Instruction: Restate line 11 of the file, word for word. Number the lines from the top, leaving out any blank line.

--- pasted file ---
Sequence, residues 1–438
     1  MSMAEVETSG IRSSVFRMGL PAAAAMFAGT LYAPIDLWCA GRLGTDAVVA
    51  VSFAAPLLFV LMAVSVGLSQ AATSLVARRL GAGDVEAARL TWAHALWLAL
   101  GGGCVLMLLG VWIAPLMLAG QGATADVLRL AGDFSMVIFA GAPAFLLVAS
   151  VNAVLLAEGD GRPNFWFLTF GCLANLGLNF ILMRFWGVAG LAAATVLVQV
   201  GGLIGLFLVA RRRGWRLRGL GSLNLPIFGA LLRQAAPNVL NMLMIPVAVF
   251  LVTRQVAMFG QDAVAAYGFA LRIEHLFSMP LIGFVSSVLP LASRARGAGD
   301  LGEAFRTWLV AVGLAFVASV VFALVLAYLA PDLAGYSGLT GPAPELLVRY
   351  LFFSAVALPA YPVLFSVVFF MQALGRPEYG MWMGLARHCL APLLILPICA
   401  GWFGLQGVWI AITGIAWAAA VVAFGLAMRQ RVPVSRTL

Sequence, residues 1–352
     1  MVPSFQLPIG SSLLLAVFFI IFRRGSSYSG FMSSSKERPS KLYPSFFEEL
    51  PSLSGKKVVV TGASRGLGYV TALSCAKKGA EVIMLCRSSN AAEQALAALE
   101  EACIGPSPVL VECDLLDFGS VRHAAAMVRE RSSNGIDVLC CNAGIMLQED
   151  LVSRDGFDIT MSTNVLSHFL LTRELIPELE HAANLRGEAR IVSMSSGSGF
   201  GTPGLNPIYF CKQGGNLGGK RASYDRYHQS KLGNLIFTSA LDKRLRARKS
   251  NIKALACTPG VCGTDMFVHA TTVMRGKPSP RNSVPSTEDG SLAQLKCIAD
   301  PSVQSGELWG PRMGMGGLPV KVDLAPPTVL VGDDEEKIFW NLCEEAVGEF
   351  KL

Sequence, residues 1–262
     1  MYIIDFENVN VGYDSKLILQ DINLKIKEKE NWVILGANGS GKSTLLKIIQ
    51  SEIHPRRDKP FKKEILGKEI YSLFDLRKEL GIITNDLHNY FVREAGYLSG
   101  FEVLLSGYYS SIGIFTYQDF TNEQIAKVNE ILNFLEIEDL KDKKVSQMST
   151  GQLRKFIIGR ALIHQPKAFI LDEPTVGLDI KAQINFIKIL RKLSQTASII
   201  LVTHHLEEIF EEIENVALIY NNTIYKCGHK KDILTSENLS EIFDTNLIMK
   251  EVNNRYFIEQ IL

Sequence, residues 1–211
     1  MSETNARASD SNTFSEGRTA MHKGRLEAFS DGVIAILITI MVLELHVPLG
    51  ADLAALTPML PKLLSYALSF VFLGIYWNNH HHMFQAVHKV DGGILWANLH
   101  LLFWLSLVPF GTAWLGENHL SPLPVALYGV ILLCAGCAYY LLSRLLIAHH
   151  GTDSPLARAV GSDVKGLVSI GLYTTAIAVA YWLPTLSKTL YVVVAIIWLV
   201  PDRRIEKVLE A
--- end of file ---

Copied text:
Sequence, residues 1–352